Pool & Spa Tips
Pools and spas are not water wasters! Water is essential for health, recreation and relaxation, so it’s vital that water remains abundant and accessible to all. We believe this is possible if all pool and spa users stay informed about water conservation techniques and are willing to make just a few sensible changes in their water consumption habits.
Pool & Spa Water Conservation Tips
- Cover up. A properly maintained spa or pool cover is an important safety element and can also significantly reduce evaporation and water waste to a negligible amount. For pools, a safety cover or a solar cover also has the added benefit of helping to heat the pool. A floating cover under the spa cover will prevent additional evaporation and retain heat. For maximum effectiveness, replace spa covers every three years.
- Be vigilant. Correct any leaks or service problems as they occur. Don’t waste water by letting it leak away.
- Maintain your spa. Proper maintenance will greatly increase the time between draining and refilling. Cleaning filters regularly according to manufacturer’s directions will extend spa cleanliness.
- Maintain your pool and pool filtration systems. Use an automatic pool cleaner to maintain pool water. Some pool cleaners do not send debris through the filtration system helping to reduce the need to backwash. Proper maintenance of pool water reduces the frequency of backwashing. Replace your aging sand or DE filtering system with a cartridge filter that does not require backwashing and saves water.
- If it’s clean, don’t drain. Drain spas and pools only when you have a water quality problem. Water only needs to be changed in a spa 2-3 times a year if you maintain your spa properly and it incorporates new water cleaning technology. Pools only need to be drained if repairs require it.
- Re-use. When you drain your spa, let it sit open for 48-72 hours with no new chemicals added, and then use the water on garden plants. Or ask your retailer about products that neutralize chemicals. To prevent unsupervised use, remember to make sure that proper safety barriers are in place any time that the spa safety cover is removed.
- Recycle. Use captured rainwater to replace water lost to evaporation in spas and pools or to refill a spa.
- Upgrade. Spas manufactured in the last five years have new technology cleaning systems that keep the water clean much longer — up to six months without refilling. This new technology is also available for some older models. Your spa dealer can advise you whether you can add this technology to your spa.
- Shut off waterfalls, fountains, and other water features to reduce water loss and evaporation.
- Minimize splashing or lower the pool’s water level to reduce “splashout.”
- Plug the overflow line when the pool is in use.
- If your pool is heated, reduce the water temperature to reduce evaporation.
Indoor Water Usage Tips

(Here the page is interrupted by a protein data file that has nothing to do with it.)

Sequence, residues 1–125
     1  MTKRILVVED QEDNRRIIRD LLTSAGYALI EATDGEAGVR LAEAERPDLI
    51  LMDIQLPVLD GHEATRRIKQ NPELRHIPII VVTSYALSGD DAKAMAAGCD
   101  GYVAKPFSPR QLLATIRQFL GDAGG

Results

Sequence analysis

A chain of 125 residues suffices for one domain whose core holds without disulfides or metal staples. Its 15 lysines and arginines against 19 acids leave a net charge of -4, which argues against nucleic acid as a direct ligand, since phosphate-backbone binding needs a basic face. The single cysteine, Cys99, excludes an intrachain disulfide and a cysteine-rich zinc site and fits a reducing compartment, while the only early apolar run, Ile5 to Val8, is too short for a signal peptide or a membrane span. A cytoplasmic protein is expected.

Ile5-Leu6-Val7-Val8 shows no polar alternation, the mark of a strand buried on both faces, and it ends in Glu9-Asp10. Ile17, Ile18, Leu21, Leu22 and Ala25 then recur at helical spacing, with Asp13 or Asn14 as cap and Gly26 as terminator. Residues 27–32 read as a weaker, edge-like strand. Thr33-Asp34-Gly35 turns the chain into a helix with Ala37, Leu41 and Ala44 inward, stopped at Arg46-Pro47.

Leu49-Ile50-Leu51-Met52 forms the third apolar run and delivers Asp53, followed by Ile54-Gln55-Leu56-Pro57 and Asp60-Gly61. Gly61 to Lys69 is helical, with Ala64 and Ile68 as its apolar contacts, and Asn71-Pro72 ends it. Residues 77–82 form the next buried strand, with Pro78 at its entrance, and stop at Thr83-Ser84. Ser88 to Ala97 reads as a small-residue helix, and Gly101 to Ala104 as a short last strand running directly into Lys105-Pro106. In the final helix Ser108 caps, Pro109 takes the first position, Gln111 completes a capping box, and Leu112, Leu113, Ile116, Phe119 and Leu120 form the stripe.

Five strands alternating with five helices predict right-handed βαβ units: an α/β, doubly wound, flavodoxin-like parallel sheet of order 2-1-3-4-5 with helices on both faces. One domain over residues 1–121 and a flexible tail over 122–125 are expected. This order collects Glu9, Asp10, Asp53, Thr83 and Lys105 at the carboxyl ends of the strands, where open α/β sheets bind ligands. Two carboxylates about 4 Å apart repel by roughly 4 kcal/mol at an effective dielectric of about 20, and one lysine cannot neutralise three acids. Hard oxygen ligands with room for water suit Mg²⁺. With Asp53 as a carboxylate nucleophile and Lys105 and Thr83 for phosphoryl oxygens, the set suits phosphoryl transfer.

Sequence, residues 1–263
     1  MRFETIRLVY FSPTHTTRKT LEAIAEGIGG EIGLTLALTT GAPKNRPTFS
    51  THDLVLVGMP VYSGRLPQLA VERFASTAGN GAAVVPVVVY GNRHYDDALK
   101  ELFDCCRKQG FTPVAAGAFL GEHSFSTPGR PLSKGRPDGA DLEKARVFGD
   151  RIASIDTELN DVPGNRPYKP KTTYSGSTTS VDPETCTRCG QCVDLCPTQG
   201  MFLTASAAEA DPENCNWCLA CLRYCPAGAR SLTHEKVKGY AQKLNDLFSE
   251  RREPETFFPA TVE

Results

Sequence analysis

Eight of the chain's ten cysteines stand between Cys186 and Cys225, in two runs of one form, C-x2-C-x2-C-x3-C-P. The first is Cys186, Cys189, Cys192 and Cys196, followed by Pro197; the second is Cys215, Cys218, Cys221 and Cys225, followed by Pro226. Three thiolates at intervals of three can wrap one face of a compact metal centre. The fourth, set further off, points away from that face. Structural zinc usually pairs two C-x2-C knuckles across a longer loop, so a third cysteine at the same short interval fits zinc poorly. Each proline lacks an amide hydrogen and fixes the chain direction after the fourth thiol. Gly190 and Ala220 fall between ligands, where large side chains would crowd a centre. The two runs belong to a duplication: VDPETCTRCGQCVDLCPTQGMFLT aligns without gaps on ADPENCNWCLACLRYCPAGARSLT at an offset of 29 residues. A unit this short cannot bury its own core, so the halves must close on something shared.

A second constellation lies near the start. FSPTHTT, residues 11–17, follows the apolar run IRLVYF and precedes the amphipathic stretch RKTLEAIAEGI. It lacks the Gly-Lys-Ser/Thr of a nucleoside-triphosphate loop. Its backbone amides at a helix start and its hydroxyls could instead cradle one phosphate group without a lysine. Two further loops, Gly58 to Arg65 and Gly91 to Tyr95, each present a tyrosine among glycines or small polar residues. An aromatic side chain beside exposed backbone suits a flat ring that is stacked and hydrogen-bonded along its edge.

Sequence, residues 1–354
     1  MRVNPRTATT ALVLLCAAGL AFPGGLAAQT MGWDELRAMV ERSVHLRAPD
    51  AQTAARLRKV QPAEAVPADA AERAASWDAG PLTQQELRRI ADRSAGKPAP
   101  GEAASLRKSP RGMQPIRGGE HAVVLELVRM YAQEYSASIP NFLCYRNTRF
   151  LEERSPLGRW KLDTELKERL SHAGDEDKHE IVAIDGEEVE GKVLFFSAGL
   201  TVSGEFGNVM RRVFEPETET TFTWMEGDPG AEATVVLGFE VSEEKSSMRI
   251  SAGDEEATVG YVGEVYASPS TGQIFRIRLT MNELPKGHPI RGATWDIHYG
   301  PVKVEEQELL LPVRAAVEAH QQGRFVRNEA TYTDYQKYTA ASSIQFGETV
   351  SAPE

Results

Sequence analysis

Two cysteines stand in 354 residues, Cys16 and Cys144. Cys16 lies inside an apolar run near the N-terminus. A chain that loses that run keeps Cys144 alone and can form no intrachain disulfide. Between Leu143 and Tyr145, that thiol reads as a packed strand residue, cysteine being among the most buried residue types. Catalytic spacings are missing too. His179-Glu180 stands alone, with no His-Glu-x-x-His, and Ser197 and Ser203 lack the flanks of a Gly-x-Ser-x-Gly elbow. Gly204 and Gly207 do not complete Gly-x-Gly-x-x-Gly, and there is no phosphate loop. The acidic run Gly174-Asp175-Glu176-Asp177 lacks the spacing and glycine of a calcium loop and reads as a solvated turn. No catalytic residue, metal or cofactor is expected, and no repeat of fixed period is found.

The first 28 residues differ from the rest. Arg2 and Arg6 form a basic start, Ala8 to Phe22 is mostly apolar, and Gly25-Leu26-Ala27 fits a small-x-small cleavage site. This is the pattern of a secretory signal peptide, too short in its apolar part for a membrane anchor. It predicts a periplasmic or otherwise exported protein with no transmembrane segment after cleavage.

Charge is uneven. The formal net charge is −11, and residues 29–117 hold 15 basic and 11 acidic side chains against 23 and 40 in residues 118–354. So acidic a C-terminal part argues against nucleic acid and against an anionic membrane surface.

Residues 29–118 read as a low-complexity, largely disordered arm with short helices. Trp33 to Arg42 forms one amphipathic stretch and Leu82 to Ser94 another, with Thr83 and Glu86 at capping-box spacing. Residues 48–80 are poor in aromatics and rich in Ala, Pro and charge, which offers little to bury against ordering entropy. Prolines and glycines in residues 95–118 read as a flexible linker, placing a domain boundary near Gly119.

- On average, 10 gallons per day of your water footprint is lost to leaks. One of the most effective ways to cut your water footprint is by repairing leaky faucets and toilets.
- A useful way to check for leaks in your house is by using your water meter. The best way to do this is to measure your meter over a two-hour period when no water is being used within your house. If there is any movement during this period, there is a leak.
the way to go
- Switch out your shower head. By switching to a low-flow shower head, you can save 15 gallons of water during a 10-minute shower.
- Cut down bath time. Showers are significantly more water efficient than baths, so be sure to stick to showers when bathing.
- Fix your flush. Standard toilets use approximately 3-5 gallons of water per flush. By retrofitting or filling the tank with a substance that will displace your water, you can reduce your water waste.
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- While most front-loading washing machines are energy and water efficient, nearly 22% of a household’s water usage comes from doing laundry. A simple fix to reduce water usage is adjusting the settings on your machine to the proper load size.
- Dishwashers are highly water efficient and account for a small percentage of a household’s water footprint. While hand washing your dishes could take up to 20 gallons of water, an Energy Star dishwasher only uses about 6 gallons of water per load. Only run when you have a full load of dishes.
Outdoor Water Usage Tips
Smart methods for your sprinkler
- Save up to 25 gallons each time by watering early in the morning or later in the evening when temperatures are cooler
- Check your sprinkler system frequently to ensure that your sprinkler range only covers the lawn and does not reach out to the sidewalk or street. This method could save approximately 15 – 20 gallons of water each time you use your system.
- Switch to a drip irrigation system for trees, shrubs and flowers and you can save up to 15 gallons of water each time you tend to your garden
DIY tricks for your lawn and garden
- Aerate your lawn periodically to allow water to reach the roots of your plants, rather than running off the surface. By watering your lawn more deeply instead of frequently, you can build a stronger, healthier landscape.
- Place a layer of mulch around your trees and plants to reduce evaporation and keep the soil cool. In particular, organic mulch improves soil and prevents weeds.
- Leave grass clippings on the lawn to help lock in moisture
- Invest in drought-resistant plants and trees that will need less attention during dry periods
- Use ice cubes for your hanging baskets, planters and pots – this will allow your plants to have a cool drink of water without any overflow.